COLUMBUS, Ohio, Nov. 10, 2021 /PRNewswire/ -- The stigma surrounding addiction and mental illness isn't just cruel and misinformed; it prolongs the problem by discouraging people with substance misuse disorder and mental illness from even seeking help.
That's the basis of a new, statewide initiative announced today by the Ohio Opioid Education Alliance in collaboration with RecoveryOhio. The Alliance is the group of community organizations and businesses that launched the "Denial, OH" campaign in 2018. Just as that campaign urged parents to talk to their children about prescription opioid misuse and to understand that anyone's child can be at risk, the effort announced today is aimed at helping Ohioans understand that addiction and mental illness are complex diseases — partly the result of genetics and other factors, which are largely out of a person's control, and not always moral failings or poor character.
While the Denial, OH campaign focused on central Ohio, the anti-stigma messages will run across the state, starting with 30-second TV ads featuring a fictional game show called "Beat the Stigma!"
The Beat the Stigma campaign will encourage Ohioans to do three things:
- Challenge how you think about addiction. When you see someone who lives with addiction, there's always more to the story than you know. Practice empathy, not judgement.
- Know your risk. If there's a history of addiction in your family, know that this increases your risk for addiction. Know your risk and talk to your loved ones about what this means so they can make informed choices.
- Take care of your mental health. Mental health challenges can put you at risk for substance misuse.
The campaign will appear on broadcast television, streaming services, radio, outdoor advertising, and digital and social media. It also will engage communities across Ohio through grassroots activities.
The campaign is the result of months of primary and secondary research with input from Ohio's addiction and mental health experts as well as people with firsthand experience with substance use and mental health disorders.
Messages for Beat the Stigma were developed by Nationwide's national marketing and advertising agency.
The state of Ohio announced its commitment of $9.75 million to the initiative in February, and today's announcement kicks off a campaign by the Opioid Alliance to raise matching funds from businesses and community partners in Ohio.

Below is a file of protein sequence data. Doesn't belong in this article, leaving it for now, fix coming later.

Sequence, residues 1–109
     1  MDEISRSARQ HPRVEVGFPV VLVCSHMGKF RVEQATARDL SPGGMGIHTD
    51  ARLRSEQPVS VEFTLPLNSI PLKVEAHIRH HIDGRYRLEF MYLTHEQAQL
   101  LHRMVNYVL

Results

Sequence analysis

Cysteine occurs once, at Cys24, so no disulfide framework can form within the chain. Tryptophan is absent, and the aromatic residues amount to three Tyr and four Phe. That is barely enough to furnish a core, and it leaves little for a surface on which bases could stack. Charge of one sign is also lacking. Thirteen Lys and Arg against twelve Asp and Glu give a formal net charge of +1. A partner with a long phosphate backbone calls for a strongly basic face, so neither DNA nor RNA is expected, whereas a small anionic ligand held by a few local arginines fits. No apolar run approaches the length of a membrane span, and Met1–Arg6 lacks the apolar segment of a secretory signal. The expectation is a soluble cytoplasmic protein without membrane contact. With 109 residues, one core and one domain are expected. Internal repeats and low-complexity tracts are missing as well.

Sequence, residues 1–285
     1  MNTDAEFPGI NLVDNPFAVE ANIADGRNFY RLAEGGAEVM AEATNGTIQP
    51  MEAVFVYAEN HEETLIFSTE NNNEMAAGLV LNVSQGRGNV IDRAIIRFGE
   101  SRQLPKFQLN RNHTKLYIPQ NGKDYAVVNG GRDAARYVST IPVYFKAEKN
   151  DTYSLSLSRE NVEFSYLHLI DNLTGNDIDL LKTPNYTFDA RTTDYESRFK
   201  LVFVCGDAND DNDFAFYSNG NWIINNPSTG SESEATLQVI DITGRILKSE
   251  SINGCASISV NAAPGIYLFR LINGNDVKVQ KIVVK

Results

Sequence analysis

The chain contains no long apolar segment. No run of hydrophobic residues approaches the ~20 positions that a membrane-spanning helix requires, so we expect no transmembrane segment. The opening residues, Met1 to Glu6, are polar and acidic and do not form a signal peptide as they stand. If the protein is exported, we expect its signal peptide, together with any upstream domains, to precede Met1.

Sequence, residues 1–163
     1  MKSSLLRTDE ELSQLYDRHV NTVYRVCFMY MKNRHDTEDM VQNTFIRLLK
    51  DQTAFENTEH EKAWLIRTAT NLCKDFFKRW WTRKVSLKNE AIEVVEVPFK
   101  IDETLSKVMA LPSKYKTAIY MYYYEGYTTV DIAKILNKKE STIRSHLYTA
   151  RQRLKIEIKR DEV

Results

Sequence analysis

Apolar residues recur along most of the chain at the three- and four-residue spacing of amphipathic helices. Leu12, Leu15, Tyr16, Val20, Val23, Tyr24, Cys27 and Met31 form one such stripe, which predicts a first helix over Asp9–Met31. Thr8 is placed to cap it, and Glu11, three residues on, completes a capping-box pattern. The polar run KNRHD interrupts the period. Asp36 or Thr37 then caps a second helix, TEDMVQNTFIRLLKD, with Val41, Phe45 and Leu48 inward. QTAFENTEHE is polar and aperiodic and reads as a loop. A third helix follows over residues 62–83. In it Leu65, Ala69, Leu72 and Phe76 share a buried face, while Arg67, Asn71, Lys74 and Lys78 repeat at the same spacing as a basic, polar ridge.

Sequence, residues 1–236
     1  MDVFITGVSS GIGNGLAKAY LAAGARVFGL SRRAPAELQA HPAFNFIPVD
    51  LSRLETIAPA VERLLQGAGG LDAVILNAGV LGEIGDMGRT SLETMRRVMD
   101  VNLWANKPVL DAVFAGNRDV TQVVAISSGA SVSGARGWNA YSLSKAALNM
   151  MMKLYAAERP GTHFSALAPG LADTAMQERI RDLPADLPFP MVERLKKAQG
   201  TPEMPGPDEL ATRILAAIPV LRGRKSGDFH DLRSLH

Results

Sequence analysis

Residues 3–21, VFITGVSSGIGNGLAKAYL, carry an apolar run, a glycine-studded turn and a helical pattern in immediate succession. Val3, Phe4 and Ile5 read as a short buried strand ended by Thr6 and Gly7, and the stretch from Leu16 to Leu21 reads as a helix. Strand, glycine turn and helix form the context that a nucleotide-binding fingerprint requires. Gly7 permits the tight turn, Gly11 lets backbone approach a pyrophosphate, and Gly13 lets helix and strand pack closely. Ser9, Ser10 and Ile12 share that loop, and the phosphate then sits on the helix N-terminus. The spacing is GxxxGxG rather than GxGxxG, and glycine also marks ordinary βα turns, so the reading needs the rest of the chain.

"Substance use disorder and mental health issues aren't character flaws," Gov. Mike DeWine said. "They're diseases for which people deserve treatment and support on a path to long-term recovery. This campaign is meant to tear down any preconceived notions and reduce stigma to encourage people to seek treatment."
The Alliance is led by the Nationwide Foundation and includes partners across the state. Nationwide Chief Executive Officer Kirt Walker is appealing to Ohio business leaders to contribute to the campaign.
"The stigmas surrounding addiction and mental health are workplace issues as much as they are battles being waged at home or on our streets," Walker said. "The Denial, OH campaign had a real impact, encouraging parents and guardians to talk to their kids about opioid misuse, and we want to do our part to make the same kind of difference in combatting stigma."
Greta Mayer, chief executive officer of the Mental Health & Recovery Board of Clark, Greene and Madison Counties, said reducing stigma can be as important as clinical treatment for people with addiction and mental illness. "In our field, we often say, 'Treatment works. Recovery happens,' and it's true," Mayer said, "but stigma gets in the way of people seeking treatment and reaching recovery."
Data from a 2019 survey by the federal Substance Abuse and Mental Health Services Administration, combined with Ohio population data, suggests that 1 in 13 Ohioans struggle with addiction. Traumatic experiences such as physical or mental abuse, especially in childhood, increase a person's risk for addiction. Mental illness also is a risk factor for addiction and the two diseases often overlap.
Link to digital media kit with campaign assets here.
SOURCE Ohio Opioid Education Alliance